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United States v. Garcia

United States District Court, D. Kansas

February 2, 2018

United States of America, Plaintiff,
v.
Pedro C. Garcia, Defendant.

          MEMORANDUM AND ORDER

          J. THOMAS MARTEN, JUDGE.

         This matter is before the court following a limited remand by the Tenth Circuit for consideration of two issues. First, the court addresses the extent of the certificate of appealability as to the issues presented by petitioner-defendant's appeal of the court's Order of November 13, 2017. Second, the court considers whether Garcia's Motion to Alter and Amend filed with the court on December 21, 2017 is timely.

         A certificate of appealability may issue if the applicant has made a substantial showing of the denial of a constitutional right. 28 U.S.C. § 2253(c)(2). To satisfy this standard, the movant must demonstrate that “reasonable jurists would find the district court's assessment of the constitutional claims debatable or wrong.” Saiz v. Ortiz, 392 F.3d 1166, 1171 n.3 (10th Cir. 2004) (quoting Tennard v. Dretke, 542 U.S. 274, 282 (2004)). A certificate is appropriate if “jurists of reason could disagree with the district court's resolution of his constitutional claims or ... jurists could conclude the issues presented are adequate to deserve encouragement to proceed further.” Miller-El v. Cockrell, 537 U.S. 322, 327 (2003).

         In its prior order, the court rejected the petitioner's contentions (1) that the government committed misconduct, (2) that his sentence was illegal under Johnson v. United States, 135 S.Ct. 2551 (2015), (3) that the statutes of conviction were unconstitutional, (4) that he was denied access to the courts, and (5) that his counsel was ineffective. (Dkt. 1270). The court's order of December 19, 2017 referenced the controlling law regarding certificates of appealability and concluded that “defendat has met this standard, ” but did not specify the issue for which the certificate was granted. (Dkt. 1280).

         The court has reviewed the history of the action and defendant's arguments, and hereby clarifies that a certificate of appealability is warranted as to the defendant's contention that the court's murder instruction was erroneous under Johnson. While Johnson addressed the residual clause of 18 U.S.C. § 924(e)(2)(B)(ii), the defendant may present a debatable claim as to whether murder as charged in the case represents a crime of violence. Given the difficulty courts have experienced in defining the concept of violence, the court finds that reasonable jurists might consider the issue as debatable. No certificate of appealability is issued as to Garcia's remaining issues, which were the subject of manifest procedural default and an underlying lack of merit, or, in the case of the claim of ineffective assistance of counsel, reflect an attempt to reargue tactical decisions by trial counsel which present no substantial basis for concluding defendant's constitutional rights were impaired.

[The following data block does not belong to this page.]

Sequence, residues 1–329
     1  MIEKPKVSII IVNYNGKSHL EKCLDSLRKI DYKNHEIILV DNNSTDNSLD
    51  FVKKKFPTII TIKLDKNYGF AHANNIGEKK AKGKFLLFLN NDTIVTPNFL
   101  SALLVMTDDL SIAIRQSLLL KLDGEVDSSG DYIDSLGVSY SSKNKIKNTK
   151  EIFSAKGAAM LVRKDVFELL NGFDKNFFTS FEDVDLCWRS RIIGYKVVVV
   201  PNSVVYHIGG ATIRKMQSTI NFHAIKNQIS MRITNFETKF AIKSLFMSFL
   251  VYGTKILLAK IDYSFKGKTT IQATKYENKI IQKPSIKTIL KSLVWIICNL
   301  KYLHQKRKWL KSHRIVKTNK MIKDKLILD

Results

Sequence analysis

Next, the court determines that the Motion to Alter or Amend (Dkt. 1283) was not timely filed under Fed.R.Civ.P. 59(e) and Fed.R.App.P. 4(a)(4)(A)(iv). The deadline for filing a Rule 59(e) motion is 28 days after entry of the judgment. Fed.R.Civ.P. 59(e). Garcia's motion was filed 38 days after the court denied the Motion to Vacate. (Dkt. 1270).

         As a prisoner, Garcia is given the protection of the“prisoner mailbox rule, ”which deems the filing date of a motion as the date that he gave his document to prison authorities for filing. Price v. Philpot, 420 F.3d 1158, 1163-64 (10th Cir. 2005). A prisoner seeking the protection of the rule “must set forth the date of deposit and state that first-class postage has been paid.” United States v. Jack, 630 F. App'x 858, 861 (10th Cir. 2015) (quoting Rule 3 of the Rules Governing Section 2255 Proceedings for the United States District Courts). The rule requires that the petitioner “attest that ... a timely filing was made.” Price, 420 F.3d at 1165 (citing United States v. Ceballos-Martinez, 387 F.3d 1140, 1143 (10th Cir.), cert. denied, 543 U.S. 1005 (2004)) (emphasis added). See also United States v. Jack, 667 F. App'x 689 (Mem.), 2016 WL 3548360 (10th Cir. June 28, 2016) (prisoner's statement must indicate prepaid postage and “set[] forth the date of deposit”). The attestation must be made by “a declaration in compliance with 28 U.S.C. § 1746 or by a notarized statement.” Section 2255 Proceedings, Rule 3.

         Here, defendant represents that the Motion was submitted “postage-prepaid, ” but there is no certification of use any institutional mail system with a tracking system which might confirm the date of mailing, nor is there any certification of the time of the “date of the deposit” with the prison authorities. With respect to the prison mailbox rule, the petitioner prisoner "has the burden of proof on this issue." Price, 420 F.3d at 1165. A prisoner's “bald assertion that he gave his original Rule 59(e) motion to prison authorities within the filing period does not meet the stringent requirements of Ceballos-Martinez and Price.” Brown v. McKune, 162 F. App'x 795, 797 (10th Cir. 2006). Here, Garcia fails to make any representation by attestation or notarized statement as ...


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